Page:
Creating Happy Meals for Adults Might Help Them Eat Better, Study Says

Just the opportunity to win a prize is enough to make customers choose healthier menu items, researchers found
Creating Happy Meals for Adults Might Help Them Eat Better, Study Says

Non-food incentives, not unlike Happy Meal toys, encouraged adults to make healthier meal choices.

Children aren’t the only ones who should be able to enjoy Happy Meals, a new study from the University of Arizona suggests. That’s because adults also appear to enjoy incentive-based meals, like the ones McDonald’s and other companies created to make kids crave fast food.

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The important component, researchers found, was the prize. Not surprisingly, it’s hard to outgrow the appeal of a gift.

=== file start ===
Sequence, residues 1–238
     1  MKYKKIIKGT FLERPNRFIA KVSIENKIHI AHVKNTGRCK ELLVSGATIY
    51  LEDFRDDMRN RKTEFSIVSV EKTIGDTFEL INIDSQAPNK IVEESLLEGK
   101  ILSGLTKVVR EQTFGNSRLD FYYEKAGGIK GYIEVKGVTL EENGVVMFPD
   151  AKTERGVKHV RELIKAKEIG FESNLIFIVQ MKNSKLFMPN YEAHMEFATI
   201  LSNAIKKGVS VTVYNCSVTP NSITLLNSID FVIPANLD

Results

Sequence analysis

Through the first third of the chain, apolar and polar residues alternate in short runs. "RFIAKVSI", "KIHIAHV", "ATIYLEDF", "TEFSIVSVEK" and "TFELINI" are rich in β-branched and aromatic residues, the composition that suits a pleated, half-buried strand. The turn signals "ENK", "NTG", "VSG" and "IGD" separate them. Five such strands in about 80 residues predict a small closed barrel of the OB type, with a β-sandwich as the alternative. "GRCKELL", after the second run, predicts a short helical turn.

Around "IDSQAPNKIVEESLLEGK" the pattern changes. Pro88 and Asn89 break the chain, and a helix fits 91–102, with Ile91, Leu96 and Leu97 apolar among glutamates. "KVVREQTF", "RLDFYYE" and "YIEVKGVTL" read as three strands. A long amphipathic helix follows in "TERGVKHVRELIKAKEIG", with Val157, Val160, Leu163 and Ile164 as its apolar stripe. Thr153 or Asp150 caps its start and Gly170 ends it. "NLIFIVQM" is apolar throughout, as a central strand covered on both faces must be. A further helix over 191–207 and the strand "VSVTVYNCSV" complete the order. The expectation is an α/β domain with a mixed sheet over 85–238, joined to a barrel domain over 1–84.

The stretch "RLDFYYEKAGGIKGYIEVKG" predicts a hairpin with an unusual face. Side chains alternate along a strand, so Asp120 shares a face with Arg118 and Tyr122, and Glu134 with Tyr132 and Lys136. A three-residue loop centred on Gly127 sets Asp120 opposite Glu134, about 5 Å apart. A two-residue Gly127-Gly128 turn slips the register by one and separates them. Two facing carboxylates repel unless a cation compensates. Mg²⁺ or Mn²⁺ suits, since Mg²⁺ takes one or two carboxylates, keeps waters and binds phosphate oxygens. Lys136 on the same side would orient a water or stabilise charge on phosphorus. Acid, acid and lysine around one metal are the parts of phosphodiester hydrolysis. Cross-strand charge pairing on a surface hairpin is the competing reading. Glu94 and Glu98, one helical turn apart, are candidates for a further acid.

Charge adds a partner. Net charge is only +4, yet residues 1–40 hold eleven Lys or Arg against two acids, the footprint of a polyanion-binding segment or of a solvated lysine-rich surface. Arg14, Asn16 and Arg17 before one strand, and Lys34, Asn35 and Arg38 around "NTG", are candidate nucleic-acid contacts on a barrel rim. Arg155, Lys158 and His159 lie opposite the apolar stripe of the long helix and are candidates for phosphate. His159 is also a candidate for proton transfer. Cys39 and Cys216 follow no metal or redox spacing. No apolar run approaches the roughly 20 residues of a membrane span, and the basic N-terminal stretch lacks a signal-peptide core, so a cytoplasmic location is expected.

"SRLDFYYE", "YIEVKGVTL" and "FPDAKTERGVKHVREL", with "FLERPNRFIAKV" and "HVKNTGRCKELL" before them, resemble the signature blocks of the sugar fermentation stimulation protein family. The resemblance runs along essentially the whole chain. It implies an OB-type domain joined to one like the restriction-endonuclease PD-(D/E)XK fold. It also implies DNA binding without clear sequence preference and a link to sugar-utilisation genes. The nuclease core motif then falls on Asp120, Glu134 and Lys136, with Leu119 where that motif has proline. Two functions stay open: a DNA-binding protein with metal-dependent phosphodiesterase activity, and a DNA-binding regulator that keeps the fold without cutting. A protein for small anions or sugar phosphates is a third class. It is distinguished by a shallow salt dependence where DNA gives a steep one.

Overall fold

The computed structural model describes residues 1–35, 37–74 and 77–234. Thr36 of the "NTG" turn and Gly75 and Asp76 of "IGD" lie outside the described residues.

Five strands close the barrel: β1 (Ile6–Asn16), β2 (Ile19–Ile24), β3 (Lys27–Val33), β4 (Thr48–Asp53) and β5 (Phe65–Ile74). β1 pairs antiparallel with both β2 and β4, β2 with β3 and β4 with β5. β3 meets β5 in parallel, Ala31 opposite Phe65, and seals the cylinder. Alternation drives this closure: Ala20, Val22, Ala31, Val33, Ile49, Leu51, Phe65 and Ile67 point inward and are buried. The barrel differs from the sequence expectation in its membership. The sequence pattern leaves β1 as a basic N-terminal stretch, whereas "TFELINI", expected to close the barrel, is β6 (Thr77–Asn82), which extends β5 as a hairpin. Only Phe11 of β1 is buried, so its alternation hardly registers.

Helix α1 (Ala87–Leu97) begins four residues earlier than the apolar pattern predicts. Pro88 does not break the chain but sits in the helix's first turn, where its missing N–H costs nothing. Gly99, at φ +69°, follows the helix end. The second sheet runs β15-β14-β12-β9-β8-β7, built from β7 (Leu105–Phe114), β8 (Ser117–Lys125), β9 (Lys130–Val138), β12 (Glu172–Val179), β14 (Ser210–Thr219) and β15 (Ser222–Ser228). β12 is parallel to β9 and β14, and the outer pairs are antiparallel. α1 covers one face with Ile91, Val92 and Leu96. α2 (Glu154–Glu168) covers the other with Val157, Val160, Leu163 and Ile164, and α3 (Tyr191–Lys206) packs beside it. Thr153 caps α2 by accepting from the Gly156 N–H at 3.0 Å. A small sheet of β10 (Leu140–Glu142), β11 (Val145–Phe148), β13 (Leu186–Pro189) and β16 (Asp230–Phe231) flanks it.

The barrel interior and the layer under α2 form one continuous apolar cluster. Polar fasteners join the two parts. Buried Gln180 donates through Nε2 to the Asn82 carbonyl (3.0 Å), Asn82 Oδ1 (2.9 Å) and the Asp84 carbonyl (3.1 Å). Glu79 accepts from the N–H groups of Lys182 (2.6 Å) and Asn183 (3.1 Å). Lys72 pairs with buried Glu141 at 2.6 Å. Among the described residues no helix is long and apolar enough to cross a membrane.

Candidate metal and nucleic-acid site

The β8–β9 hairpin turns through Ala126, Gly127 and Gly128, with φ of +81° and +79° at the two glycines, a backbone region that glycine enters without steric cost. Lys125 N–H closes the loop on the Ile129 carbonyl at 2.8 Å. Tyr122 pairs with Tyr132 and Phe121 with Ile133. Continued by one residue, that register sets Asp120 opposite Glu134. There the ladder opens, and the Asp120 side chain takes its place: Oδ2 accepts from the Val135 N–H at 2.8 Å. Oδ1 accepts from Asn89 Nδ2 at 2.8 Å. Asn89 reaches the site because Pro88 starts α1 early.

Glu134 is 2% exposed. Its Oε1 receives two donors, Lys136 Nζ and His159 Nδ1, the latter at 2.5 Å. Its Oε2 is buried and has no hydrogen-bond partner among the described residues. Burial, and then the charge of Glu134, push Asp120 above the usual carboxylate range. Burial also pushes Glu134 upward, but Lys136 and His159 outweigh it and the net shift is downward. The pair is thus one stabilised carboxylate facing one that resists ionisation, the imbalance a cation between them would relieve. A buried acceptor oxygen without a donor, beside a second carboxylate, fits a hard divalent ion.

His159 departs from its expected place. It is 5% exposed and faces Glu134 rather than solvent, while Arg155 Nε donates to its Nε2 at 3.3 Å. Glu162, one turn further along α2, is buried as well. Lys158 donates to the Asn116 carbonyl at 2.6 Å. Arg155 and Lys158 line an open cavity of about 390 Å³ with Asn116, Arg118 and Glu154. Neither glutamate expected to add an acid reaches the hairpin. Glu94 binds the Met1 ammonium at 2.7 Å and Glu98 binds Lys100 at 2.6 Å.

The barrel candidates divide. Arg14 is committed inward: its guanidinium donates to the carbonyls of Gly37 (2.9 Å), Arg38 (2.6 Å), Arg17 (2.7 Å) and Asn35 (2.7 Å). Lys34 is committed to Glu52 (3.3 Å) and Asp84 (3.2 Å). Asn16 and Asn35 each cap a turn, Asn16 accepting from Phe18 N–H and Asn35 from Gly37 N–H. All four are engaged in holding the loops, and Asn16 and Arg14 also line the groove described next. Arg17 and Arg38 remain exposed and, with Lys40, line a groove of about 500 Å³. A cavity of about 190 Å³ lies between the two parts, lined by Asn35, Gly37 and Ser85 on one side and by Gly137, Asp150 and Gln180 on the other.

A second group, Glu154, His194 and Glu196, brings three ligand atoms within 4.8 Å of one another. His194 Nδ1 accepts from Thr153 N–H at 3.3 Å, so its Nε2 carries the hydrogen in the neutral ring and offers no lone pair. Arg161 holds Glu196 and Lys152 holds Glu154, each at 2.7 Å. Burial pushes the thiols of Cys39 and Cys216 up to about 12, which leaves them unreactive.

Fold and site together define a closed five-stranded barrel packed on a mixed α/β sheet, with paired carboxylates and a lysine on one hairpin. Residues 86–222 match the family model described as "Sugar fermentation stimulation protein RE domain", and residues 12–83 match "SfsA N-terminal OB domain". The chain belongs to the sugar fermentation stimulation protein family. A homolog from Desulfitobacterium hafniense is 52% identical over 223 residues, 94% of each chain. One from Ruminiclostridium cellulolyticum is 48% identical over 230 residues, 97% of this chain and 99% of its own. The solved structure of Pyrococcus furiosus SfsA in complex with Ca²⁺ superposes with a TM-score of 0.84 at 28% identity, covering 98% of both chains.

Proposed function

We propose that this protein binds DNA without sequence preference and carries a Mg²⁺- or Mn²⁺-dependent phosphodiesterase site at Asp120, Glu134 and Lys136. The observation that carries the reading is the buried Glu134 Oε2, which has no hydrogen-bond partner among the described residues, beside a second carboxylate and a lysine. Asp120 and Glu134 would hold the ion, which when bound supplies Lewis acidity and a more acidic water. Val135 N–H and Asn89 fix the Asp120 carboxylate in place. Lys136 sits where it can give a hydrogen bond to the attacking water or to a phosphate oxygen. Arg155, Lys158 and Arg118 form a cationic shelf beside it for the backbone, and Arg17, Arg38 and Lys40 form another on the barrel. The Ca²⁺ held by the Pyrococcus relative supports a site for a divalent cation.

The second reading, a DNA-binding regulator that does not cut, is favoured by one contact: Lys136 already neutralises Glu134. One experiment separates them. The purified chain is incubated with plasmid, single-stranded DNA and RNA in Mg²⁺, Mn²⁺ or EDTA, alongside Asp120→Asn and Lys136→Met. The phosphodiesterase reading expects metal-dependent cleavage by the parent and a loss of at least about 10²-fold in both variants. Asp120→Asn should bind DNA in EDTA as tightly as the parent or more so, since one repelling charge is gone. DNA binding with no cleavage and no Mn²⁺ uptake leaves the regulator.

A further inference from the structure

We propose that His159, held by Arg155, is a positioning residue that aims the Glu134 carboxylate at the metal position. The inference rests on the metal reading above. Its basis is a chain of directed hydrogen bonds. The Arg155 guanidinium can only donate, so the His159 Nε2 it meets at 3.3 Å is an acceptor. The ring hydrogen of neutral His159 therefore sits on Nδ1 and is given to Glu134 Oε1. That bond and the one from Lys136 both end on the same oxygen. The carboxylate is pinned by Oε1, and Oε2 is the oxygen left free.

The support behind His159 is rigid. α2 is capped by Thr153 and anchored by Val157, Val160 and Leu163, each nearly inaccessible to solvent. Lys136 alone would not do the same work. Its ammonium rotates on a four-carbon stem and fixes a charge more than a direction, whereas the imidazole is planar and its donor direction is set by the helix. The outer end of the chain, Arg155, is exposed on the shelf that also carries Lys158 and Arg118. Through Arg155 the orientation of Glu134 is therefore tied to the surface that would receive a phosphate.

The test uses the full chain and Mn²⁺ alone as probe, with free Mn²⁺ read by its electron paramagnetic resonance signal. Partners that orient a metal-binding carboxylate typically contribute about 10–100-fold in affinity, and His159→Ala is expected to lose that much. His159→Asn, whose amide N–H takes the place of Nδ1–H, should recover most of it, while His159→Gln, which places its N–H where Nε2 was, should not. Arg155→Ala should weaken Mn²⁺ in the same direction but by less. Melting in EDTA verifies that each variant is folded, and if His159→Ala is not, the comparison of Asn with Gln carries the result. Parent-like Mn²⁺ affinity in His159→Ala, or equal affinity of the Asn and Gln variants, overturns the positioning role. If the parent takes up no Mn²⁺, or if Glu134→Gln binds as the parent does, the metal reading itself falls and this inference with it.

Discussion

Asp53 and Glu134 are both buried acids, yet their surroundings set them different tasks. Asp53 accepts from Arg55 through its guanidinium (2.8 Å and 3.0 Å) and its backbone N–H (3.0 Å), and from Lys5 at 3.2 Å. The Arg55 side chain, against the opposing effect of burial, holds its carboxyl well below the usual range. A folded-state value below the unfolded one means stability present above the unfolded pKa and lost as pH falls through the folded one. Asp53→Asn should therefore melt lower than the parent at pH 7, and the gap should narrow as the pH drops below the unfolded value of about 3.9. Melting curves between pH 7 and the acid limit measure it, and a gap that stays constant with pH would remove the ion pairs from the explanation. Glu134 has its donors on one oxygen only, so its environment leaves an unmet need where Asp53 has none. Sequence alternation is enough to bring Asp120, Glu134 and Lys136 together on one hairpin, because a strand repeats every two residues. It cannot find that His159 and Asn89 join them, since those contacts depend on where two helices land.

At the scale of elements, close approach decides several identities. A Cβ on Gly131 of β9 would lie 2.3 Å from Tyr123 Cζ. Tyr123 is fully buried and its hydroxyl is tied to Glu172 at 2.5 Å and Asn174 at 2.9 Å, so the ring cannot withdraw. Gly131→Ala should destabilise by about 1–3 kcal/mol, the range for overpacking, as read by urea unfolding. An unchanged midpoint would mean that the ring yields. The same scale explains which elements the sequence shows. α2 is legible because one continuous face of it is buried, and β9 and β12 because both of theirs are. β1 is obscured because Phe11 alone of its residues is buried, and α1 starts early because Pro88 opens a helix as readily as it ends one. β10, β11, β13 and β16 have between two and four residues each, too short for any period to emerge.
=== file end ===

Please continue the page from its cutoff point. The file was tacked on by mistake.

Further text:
In a series of experiments, both children and adults consistently chose a less caloric (a half portion of the original menu item) item when it came with a non-food item as a special gift.

The majority of a group of sixth graders, for example, chose half a sandwich and a pair of headphones over the full sandwich. In another experiment, university students and staff alike were offered the choice between a full lunch or half portions with the chance of winning either a $100 gift card or 10,000 frequent flier miles. Interestingly, subjects were more likely to choose the half portions when they were simply made aware that a prize could be won than when they were told the exact odds of winning a prize.

Most importantly, however, researchers noted that subjects who chose the half portions did not compensate for their lighter lunches by eating more later on. The behavior suggests that randomized prizes could be used by the restaurant industry to encourage healthier eating habits.

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